To the Editor:
I have read several letters to the editor regarding a recent RTC letter apparently mailed to all residents of Lyme and Old Lyme and I’d like to share a third perspective on the matter which I hope and expect will appeal to the majority of our citizens — the all-too-often-overlooked-and-forgotten Moderate voters. However they’re registered, they vote with their own minds and have no misplaced loyalty to one party or the other.
I felt compelled to participate in this conversation because there are myriad parties sharing very biased opinions and while speaking under the guise of wanting what’s best for the towns, finish their statements with telling us what to think and for whom to vote in November. I would say ignore them all and instead listen to friends and associates you know and respect.
For the sake of time, I’ll focus on the “dog whistle” of “parental rights”. In my experience the term “dog whistle” is cut from the same cloth as any other strawman fallacy wherein someone misinterprets what you said and ignores your intent and replaces it with their contorted version and then attacks that instead.
“People who invoke the term ‘parental rights’ have different things in mind and different aspirations,” said Neal McCluskey, the director of the Center for Educational Freedom at the libertarian Cato Institute in Washington. “My general impression when I see people invoking ‘parental rights,’ it’s been connected to a general idea that parents have been cut out of decisions made by schools.”
“Parental rights” is being represented as a dog whistle for banning books and censorship and anyone who utters the phrase should be summarily ignored. This is beyond ironic. The idea of dismissing anyone’s opinion based on opinion, perspective, or association is the type of bias we should all be fighting against.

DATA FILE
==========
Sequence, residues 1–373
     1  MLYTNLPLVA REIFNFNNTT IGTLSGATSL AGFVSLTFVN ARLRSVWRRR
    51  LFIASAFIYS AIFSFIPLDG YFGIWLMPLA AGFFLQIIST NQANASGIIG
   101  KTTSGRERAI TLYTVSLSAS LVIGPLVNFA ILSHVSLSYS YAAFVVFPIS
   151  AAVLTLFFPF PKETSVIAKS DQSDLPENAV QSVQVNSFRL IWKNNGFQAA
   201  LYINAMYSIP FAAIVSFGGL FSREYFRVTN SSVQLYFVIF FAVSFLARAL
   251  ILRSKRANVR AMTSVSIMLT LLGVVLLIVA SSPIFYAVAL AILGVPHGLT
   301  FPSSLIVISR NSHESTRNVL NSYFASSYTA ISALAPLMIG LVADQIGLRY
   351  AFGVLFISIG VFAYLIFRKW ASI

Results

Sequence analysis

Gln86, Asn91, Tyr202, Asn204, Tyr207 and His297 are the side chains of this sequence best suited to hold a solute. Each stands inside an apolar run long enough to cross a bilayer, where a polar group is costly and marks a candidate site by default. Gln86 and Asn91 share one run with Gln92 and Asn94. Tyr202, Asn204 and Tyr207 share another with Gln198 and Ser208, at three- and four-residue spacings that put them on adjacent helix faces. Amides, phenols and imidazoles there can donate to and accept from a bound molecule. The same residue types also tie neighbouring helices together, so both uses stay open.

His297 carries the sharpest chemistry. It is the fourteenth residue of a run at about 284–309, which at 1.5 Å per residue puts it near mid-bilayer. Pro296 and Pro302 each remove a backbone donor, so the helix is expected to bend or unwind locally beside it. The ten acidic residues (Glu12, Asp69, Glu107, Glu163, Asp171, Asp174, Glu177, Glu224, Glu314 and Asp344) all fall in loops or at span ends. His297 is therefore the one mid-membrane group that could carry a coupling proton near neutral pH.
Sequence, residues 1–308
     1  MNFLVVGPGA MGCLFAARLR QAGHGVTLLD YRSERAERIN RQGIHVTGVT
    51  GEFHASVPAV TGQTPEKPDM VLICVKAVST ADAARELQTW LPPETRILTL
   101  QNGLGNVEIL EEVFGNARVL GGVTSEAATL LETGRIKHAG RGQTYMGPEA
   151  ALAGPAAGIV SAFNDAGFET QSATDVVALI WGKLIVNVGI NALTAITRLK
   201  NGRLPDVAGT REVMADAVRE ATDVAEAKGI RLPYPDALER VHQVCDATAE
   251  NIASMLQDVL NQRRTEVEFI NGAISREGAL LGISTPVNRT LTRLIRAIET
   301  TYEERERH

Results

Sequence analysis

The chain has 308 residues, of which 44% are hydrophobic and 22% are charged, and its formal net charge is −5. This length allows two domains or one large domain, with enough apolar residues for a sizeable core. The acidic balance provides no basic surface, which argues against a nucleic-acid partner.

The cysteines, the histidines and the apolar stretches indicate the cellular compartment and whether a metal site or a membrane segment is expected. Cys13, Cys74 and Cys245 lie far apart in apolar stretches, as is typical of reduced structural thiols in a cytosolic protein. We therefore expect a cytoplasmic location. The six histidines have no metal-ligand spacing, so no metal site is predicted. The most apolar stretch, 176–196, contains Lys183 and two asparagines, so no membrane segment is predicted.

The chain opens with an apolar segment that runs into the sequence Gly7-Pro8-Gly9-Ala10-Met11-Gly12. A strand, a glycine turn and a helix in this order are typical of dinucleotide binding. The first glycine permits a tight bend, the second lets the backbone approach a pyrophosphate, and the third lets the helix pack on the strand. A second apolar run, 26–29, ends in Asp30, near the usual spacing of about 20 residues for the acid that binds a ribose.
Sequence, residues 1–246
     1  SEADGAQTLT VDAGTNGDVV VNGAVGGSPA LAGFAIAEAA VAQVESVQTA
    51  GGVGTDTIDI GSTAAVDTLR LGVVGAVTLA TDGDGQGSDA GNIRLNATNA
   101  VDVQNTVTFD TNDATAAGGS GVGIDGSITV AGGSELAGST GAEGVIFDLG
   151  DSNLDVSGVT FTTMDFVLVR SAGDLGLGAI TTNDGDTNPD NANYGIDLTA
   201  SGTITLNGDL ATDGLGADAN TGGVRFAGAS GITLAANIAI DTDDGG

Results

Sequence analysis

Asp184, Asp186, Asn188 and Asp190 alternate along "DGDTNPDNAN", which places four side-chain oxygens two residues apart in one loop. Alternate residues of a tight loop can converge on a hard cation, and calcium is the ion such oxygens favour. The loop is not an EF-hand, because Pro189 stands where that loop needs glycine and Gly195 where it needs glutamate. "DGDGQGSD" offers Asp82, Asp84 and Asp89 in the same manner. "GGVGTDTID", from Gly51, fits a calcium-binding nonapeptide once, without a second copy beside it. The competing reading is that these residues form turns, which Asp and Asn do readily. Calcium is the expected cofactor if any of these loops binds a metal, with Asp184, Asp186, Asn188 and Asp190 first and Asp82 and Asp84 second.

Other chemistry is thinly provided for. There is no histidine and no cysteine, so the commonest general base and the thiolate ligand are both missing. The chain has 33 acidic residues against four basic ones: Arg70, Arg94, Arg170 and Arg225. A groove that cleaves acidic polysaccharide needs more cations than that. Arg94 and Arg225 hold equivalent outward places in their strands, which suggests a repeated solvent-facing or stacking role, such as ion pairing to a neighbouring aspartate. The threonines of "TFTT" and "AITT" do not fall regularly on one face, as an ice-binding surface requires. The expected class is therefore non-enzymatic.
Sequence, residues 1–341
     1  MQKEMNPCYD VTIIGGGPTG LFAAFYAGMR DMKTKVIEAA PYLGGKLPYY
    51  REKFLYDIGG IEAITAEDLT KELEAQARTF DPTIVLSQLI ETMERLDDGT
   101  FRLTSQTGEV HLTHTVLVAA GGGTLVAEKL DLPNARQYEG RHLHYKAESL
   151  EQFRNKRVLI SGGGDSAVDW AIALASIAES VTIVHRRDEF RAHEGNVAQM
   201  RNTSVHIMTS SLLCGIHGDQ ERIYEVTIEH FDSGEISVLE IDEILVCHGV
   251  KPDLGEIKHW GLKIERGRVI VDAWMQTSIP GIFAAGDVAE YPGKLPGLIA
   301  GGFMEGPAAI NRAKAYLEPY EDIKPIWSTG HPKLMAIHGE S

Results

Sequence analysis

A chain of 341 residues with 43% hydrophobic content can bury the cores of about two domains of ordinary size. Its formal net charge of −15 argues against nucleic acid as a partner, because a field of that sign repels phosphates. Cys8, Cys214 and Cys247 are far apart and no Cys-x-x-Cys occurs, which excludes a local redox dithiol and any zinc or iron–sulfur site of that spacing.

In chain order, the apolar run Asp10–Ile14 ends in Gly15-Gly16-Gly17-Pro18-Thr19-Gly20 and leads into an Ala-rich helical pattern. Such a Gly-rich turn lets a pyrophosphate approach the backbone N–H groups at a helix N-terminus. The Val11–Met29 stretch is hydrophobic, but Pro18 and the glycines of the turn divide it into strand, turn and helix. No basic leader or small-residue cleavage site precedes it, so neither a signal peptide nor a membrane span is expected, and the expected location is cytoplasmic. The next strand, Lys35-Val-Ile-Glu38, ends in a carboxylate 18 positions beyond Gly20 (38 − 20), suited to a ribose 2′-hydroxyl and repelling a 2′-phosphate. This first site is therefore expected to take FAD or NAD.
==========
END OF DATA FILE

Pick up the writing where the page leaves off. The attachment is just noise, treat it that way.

The antithesis of parental rights is parental apathy and school districts that lack parental interest have suffered terribly because of the inevitable trickle-down of apathy, disinterest, and lack of motivation experienced by students when their parents “leave education to the educators.”
We have the greatest teachers in Region 18 and are lucky to have them. I have dealt directly with many of them on a variety of topics and venues and have personally observed their excellence. I have made a point to stress my personal belief that the purpose of school is to educate rather than indoctrinate and to my eye, the faculty, and staff overwhelmingly agree with this perspective.
Strong communities are built when everyone is involved and works together. Parental rights do not negate teachers being free to teach in their own style — they only keep the door open so that parents can remain involved in the education of their children. We should avoid at all costs the idea that one group or another is prohibited from expressing their perspective due to “dog whistle” words/phrases or group affiliation.
It has been my experience that when people have questions and are allowed to ask them, they find the answers to be quite agreeable. When those doors of communication are closed, the rumor mills take over and the worst and most sensational ideas take over the conversation.
There will always be ideas, classes, and curricula being taught in school with which we will disagree but after school, we’ll have co-workers, bosses, and supervisors with whom we’ll disagree too. The purpose of school is to prepare us for working together in spite of difficulties and to learn to disagree pleasantly, respectfully, and productively. Children should be taught to think, not what to think.
Let’s keep things simple and look at people based on the content of their character above all other elements. I’m sure if we do that earnestly and honestly, we’ll all find that we agree with each other far more than we’re being led to believe.
Old Lyme, CT
Wilson, a Republican, is the chair of the Lyme-Old Lyme Board of Education. His letter is not a statement of the board as a whole.